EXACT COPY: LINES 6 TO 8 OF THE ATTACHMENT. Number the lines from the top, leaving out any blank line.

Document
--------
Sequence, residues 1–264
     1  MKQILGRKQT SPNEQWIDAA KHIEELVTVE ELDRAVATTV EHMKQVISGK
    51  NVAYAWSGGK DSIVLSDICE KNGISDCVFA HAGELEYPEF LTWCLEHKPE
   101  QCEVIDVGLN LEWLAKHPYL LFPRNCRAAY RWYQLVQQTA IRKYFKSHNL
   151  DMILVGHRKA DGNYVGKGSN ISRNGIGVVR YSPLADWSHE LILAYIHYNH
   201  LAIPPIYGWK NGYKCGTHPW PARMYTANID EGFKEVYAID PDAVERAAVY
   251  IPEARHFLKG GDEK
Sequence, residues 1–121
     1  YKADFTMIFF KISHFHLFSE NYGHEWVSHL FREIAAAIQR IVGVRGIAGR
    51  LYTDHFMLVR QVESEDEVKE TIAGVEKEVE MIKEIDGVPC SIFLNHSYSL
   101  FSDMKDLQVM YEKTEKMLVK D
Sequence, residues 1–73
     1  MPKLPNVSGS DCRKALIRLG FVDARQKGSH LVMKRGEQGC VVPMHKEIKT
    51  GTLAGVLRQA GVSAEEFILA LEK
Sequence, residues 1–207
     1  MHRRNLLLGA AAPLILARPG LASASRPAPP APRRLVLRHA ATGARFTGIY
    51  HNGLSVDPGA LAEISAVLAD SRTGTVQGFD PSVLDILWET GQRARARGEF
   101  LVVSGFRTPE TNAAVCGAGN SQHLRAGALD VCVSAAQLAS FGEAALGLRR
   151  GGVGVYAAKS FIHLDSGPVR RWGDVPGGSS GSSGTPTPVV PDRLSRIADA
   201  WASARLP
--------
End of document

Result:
   201  LAIPPIYGWK NGYKCGTHPW PARMYTANID EGFKEVYAID PDAVERAAVY
   251  IPEARHFLKG GDEK
Sequence, residues 1–121